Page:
Il buono, il brutto, il cattivo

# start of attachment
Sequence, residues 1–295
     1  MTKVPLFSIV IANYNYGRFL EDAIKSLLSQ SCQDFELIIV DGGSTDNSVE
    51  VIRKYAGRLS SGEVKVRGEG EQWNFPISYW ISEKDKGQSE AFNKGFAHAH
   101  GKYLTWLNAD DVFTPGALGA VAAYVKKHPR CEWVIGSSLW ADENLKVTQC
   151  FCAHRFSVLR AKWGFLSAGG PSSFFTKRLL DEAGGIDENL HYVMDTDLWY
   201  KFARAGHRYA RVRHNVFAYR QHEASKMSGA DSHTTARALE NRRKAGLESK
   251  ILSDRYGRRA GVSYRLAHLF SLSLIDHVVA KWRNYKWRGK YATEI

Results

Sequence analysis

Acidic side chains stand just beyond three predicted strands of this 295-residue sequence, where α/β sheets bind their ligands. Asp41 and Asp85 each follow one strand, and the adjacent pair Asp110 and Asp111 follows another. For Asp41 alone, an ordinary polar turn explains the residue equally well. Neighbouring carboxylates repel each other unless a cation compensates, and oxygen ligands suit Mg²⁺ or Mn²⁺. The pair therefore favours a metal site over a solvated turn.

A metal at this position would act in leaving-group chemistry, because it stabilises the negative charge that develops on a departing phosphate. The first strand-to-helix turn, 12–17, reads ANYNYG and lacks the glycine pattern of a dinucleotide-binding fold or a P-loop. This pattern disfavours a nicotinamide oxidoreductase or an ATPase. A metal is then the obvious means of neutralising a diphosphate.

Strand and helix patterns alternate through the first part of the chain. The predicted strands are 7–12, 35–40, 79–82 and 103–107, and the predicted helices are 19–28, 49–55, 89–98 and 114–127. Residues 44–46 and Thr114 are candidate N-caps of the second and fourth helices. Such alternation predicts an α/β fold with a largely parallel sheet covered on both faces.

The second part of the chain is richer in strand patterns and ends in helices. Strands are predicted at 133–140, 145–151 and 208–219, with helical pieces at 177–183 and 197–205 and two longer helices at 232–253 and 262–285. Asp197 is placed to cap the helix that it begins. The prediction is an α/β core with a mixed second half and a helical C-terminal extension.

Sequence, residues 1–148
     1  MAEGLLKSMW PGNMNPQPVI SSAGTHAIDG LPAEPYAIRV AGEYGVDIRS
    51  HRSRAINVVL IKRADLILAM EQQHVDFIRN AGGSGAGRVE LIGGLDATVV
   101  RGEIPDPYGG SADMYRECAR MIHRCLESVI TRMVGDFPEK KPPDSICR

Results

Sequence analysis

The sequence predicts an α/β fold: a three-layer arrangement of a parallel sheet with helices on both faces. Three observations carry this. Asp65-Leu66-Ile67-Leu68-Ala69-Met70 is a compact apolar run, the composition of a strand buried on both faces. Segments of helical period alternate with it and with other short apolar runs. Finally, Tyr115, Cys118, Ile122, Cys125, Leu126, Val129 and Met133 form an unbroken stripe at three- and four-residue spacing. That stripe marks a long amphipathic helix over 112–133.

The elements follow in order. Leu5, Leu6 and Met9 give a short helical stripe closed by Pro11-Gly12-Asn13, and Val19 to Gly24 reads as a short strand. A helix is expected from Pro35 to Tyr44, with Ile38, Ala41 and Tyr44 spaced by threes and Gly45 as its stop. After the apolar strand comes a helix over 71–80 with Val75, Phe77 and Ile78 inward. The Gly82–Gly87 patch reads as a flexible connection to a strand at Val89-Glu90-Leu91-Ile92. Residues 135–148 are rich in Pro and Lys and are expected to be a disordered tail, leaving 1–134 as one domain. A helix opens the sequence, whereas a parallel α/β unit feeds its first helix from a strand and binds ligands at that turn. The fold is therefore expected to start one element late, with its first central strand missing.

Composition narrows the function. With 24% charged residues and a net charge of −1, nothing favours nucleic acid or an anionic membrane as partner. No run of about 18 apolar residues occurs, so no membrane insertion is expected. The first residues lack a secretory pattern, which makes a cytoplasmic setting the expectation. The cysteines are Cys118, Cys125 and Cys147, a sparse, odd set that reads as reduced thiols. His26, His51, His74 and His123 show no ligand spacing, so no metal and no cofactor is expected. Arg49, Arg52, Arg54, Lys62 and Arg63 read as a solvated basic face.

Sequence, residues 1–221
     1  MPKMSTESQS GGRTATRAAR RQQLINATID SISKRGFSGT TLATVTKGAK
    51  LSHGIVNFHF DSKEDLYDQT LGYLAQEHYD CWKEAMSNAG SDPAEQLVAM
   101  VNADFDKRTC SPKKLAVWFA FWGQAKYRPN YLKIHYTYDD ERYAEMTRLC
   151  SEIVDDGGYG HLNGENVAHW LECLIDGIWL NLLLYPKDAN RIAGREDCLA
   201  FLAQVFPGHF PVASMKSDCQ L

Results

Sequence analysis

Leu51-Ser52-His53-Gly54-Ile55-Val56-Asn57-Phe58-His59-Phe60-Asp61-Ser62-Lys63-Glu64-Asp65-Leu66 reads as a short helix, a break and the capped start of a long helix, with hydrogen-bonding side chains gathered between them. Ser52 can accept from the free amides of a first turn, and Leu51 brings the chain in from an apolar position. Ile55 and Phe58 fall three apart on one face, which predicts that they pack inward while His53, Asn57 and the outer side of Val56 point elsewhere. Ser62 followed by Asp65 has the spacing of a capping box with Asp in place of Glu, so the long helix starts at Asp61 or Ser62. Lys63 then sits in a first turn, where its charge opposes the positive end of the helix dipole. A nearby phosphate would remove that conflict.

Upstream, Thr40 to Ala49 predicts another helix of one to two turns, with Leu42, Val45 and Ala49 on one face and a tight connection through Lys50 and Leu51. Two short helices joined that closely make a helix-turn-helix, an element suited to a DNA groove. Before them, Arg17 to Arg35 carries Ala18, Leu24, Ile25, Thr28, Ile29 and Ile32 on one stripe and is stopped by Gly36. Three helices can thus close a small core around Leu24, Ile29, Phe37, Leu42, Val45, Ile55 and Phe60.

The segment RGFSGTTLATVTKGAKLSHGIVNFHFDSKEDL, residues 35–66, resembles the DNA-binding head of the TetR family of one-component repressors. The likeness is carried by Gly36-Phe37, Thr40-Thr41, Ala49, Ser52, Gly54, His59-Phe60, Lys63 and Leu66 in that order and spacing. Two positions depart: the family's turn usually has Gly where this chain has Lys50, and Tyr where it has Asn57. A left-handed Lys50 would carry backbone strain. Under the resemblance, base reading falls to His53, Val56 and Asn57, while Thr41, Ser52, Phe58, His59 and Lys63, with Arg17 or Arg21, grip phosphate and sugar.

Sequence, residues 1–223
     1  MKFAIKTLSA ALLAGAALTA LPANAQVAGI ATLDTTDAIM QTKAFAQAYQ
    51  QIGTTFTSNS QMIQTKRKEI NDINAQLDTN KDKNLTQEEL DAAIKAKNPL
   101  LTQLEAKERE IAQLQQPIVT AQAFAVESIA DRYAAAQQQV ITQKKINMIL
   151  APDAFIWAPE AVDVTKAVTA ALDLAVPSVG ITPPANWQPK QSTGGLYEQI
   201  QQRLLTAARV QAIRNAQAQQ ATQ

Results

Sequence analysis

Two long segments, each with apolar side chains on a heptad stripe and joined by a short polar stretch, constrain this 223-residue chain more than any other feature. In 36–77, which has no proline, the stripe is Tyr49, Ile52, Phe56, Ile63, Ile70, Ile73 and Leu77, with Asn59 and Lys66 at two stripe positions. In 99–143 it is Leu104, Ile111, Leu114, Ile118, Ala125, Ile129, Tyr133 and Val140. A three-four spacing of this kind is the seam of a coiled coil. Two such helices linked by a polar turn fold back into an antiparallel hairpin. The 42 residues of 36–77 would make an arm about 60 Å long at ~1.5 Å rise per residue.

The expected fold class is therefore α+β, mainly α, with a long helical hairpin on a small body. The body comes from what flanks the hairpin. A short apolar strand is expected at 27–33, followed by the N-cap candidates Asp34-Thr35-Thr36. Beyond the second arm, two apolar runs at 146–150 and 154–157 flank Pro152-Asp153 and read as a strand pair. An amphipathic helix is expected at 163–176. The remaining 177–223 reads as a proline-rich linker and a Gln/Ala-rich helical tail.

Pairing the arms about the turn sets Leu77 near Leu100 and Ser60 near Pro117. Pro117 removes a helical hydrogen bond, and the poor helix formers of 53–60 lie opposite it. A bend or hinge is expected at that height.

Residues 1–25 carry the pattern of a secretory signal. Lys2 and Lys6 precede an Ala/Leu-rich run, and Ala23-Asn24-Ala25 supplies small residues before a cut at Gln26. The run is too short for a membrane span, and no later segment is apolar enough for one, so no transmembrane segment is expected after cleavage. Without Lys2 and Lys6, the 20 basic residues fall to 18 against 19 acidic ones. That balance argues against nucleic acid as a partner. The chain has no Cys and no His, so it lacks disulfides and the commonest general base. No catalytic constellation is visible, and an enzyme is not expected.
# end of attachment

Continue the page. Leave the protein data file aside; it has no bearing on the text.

I watched CBS This Morning and saw an interview with Michael Stipe. I saw Elvis Costello performing a Basement Tapes song. I checked the Internet for the American Top 40 playlist for the week. The Top 10 songs on December 11, 1971 were “Desiderata,” “Brand New Key,” “All I Ever Need is You,” “Gypsys, Tramps and Thieves,” “Baby I’m-a Want You,” “An Old Fashioned Love Song,” “Got to Be There,.” “Have You Seen Her,” “Theme from ‘Shaft’,” and “Family Affair.” I heard Patrick Stewart on the radio. I took the bus and went to the record store. After a lot of browsing, I bought only Ringo Starr’s “Sentimental Journey” CD and the Beatles Rock Band video game. I took the bus back, stopping in downtown Oakland to see a big crowd of protesters blocking part of the street. I went out to shop for groceries. I ate a tuna sandwich with soup, which I used to eat when I was a kid. I watched “The Good, the Bad and the Ugly” on Blu-ray. It was certainly the best Sergio Leone movie that I’ve seen. Clint was interesting enough, although I couldn’t understand why he didn’t take back the coat from the dying man. I tried to count the number of times a fly landed on his face. After he suffers the sunburn, his face clears up quickly, like he is a cartoon character. Lee Van Cleef was a good character. I couldn’t understand how he could have allowed Blondie to wander off to kill his men. Eli Wallach was Tuco Ramirez, and he adds a lot to the picture, showing the humor and the greed. One of his famous lines is “When you have to shoot, shoot, don’t talk.” He crosses himself a lot. I was amazed at how dirty Eli and Clint looked at various points. They seemed to change their clothes a lot. Eli wore some worn out clothes. I wondered about the locations of this movie. I sure didn’t think these people were in the American South. I wouldn’t have known it was the United States if I didn’t see a flag. Ennio Morricone’s music was brilliant. I’ll always remember “The Ecstasy of Gold” with Eli running around the cemetery. When the original version of a movie is edited for length and then supposedly restored, you have to wonder what it was that we saw years ago. This was the type of movie that I would enjoy seeing on a Saturday afternoon at the UC Theatre, and it would play with another feature so that it would be an all-day thing. I didn’t care about Clint’s political beliefs. You could say that “Kelly’s Heroes” was a variation on this movie. You’ve got shooting, greed, gold, and a bridge being blown up. That explosion sure looked dangerous with those boards and rocks flying through the air. Eli had his ass stuck up in the air for a long time. The relationship between Tuco and Blondie was either unusual or typical of two males. They hated each other enough to nearly kill each other, but they were friends when they needed each other to get rich. It was hard to believe that the dying man would tell Blondie the name on the grave just as Blondie arrived on the scene. I thought that Blondie was at the point where he couldn’t get up anymore. When they arrived at the bridge, you’d think that a guard would have stopped them from coming so close to the troops. The bridge sequence was one of those instances where Leone stretched out the content. Sometimes he wears down the audience as he constantly goes for these lingering shots. I do like how Leone lets us see things, in contrast to the way current movies are edited. When Blondie and Tuco were placing the dynamite on the bridge, I questioned whether it was going to work. I also thought a lot of soldiers were going to be killed from the blast. I didn’t see women and children in this movie. I can recall only the family that Angel Eyes invades. He was a very bad character in that scene. Actually, Blondie wasn’t such a good character, and Tuco wasn’t unbearably ugly. He could have cleaned himself up a bit, though. It was funny that bathing didn’t make him seem any cleaner, though. He dried off in an instant, though. He was funny when he greedily ate the food in the prison camp, but after that he got beaten so that I wondered how he could keep the food down. He also urinates in one scene, or at least says that he needs to urinate. The showdown at the end has three men instead of two, another breaking of the Western rules by Leone. As I watched, I thought about what my strategy would be if I were either Tuco or Blondie. I thought that Angel Eyes was the biggest threat, so I would shoot at him. Angel Eyes had a dilemma. Blondie was the better marksman, so he would have to shoot him and hope that Tuco would miss him and that he could get off a second shot. That reminded me of one thing. One of Angel Eyes’ men had a clear shot at Tuco and missed. Two of his other men stood still in the dust, making themselves ripe targets. Good help is hard to find. Eli was so lively that he made this movie something different. It was sad to think that he died recently. This is the type of movie that you talk about with friends, and it stays with you for years. I watched the beginning of the Star Trek episode “The Conscience of the King.” Actors in the future were still playing Macbeth. I didn’t feel like staying up to watch horror movies or to play any video games. I feel that I’m getting old because I want to sleep all the time. Some of the people who died on December 14 include George Washington (1799), Dinah Washington (1963), William Bendix (1964), Myrna Loy (1993), Norman Fell (1998), Jeanne Crain (2003), and Ahmet Ertegun (2006). Today is a birthday for Patty Duke (68). According to the Brandon Brooks Rewind radio segment for December 14, Ronald Reagan and Jane Wyman were separated in 1947. In 1970, “Little Big Man” had its New York premiere. In 1977, “Saturday Night Fever” had its New York premiere. In 1984, the Richard Burton film “1984” was released.

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